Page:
Contreras Perez, David Rafael (OMV E&P GmbH - Abu Dhabi) | Al Zaabi, Ruqaya Abdulla (ADNOC Offshore - GUL) | Viratno, Bernato (OMV E&P GmbH - Abu Dhabi) | Sellar, Christopher (OMV E&P GmbH - Abu Dhabi) | Susanto, Maria Indriaty (OMV E&P GmbH - Abu Dhabi)
The rationale of structural uncertainty analysis in reservoir modeling is to quantify the range of probable Gross Rock Volume (GRV) s and searchfor the means to reduce this range as much as possible. This task considers running different scenarios and/or structural configurations based on the observed mismatch between structural depth estimation from seismic mapping and stratigraphic tops derived from well data. Integrated multi-disciplinary teams can collaboratively eliminate reservoir uncertainties at the well location, however uncertainty remains in the interwell area. The challenge for any reservoir characterization team is to share expertise across disciplines in order to mitigate the lack of information with scientific reasoning. In this way the range of uncertainties impacting business decisions, development scenarios or data acquisition plans are minimised. The workflow summarized here is an example of how to utilize structural elements from existing wells to quantify intrinsic GRV uncertainty while building static models. Offshore Field developments usually have a bigger horizontal well count than the ideal vertical penetrations and this case study is no exception in this case study. The ultimate goal of this publication is to generate the inputs required for a more realistic set of structural realizations that fulfil all of the current understanding from horizontal well placement and their intrinsic structural uncertainty.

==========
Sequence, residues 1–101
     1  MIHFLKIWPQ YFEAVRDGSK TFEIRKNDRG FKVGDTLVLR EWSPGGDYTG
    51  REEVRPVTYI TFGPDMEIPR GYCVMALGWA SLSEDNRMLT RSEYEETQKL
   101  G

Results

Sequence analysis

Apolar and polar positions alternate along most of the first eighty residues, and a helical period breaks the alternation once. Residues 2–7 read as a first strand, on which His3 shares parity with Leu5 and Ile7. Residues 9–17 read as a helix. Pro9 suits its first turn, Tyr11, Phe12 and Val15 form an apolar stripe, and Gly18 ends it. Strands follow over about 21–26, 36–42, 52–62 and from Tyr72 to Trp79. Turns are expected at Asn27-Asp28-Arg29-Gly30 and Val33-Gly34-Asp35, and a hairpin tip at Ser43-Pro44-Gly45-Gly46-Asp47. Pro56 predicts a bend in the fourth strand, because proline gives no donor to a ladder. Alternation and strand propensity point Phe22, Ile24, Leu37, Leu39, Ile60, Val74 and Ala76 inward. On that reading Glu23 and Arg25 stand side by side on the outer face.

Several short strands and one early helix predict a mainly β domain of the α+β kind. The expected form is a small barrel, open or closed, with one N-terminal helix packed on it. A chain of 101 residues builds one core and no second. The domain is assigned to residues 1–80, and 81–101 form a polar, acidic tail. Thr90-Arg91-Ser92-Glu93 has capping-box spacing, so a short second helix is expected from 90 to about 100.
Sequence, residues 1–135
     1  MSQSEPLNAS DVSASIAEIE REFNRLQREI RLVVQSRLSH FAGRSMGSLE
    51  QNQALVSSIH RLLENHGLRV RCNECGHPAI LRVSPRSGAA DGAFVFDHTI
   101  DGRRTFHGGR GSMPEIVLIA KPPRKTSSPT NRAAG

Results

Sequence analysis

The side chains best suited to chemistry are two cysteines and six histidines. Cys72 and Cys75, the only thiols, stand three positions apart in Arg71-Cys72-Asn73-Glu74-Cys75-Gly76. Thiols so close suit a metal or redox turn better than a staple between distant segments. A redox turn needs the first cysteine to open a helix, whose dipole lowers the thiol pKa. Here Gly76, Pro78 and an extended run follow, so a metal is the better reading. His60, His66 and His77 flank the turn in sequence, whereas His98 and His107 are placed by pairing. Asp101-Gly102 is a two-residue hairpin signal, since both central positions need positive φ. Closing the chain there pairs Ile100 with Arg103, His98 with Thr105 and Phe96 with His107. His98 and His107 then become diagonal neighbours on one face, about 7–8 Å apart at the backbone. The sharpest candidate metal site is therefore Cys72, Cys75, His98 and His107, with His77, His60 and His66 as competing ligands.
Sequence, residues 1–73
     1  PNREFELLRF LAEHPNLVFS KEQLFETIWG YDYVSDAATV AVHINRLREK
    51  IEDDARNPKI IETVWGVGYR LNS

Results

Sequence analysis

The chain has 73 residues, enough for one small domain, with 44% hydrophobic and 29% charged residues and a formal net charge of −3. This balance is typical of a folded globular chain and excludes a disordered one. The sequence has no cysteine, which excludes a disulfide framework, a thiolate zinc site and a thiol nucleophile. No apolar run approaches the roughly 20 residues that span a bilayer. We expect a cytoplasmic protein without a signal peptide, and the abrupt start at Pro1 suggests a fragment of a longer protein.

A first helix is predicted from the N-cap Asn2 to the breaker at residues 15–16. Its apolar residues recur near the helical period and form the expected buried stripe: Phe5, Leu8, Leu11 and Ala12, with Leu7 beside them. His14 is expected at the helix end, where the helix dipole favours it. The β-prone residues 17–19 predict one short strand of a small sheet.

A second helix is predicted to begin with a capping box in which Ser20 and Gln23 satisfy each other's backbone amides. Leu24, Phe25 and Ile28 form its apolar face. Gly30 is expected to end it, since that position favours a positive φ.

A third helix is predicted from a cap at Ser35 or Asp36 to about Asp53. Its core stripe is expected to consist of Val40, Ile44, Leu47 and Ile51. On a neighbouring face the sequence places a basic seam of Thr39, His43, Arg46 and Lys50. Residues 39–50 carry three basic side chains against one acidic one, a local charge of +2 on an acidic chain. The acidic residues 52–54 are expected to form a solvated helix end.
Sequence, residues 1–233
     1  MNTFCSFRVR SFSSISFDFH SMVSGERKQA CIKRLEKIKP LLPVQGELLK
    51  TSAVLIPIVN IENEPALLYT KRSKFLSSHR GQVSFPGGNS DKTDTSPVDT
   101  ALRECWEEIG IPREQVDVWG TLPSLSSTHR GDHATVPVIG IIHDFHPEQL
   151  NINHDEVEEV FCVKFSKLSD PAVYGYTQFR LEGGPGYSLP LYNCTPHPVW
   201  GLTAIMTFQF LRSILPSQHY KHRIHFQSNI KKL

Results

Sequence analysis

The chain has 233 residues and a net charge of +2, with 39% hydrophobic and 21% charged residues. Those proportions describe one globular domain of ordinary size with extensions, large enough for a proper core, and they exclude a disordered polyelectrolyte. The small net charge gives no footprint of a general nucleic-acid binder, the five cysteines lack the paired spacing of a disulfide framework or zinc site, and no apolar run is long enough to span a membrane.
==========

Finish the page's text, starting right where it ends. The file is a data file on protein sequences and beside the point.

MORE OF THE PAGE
A robust and detailed reservoir model is an essential requirement when a fast track approach drives the development of a green field. Such a tool can only be developed through the orchestration of Geological and Geophysical (G&G) and Reservoir Engineering disciplines. This integration effort is, first of all, aimed at identifying the key characteristics of the reservoir most impacting its dynamic behavior at different scale and, eventually, at capturing them with the proper modelling approach.
This paper decribes such approach to the case of a complex deep-water reservoir belonging to slope-toe of slope environment. A 3D integrated static model was built by incorporating core and log data, their petrophysical interpretation, a description of the depositional and architectural elements, a quantitative seismic reservoir characterization and the few dynamic information available at this early development stage.
The implemented geomodeling workflow focused on heterogenetiy that could affect reservoir performance such as structural-stratigraphic discontinuities that could act as hydraulic barriers. Facies in the interwell space were distributed by applying seismic-derived 3D trends. Facies distribution eventually provided the framework within which petrophysical properties modelling was performed. During the implementation of this integrated G&G and Reservoir workflow, continuous crosschecks of consistency and robustness of the model led to elaborate the final product.
The resulting reservoir model captured critical uncertainties (e.g. degree of reservoir heterogeneity including stratigraphic discontinuities) leading to an optimized development scheme, that allowed to minimize risks, despite the few data available.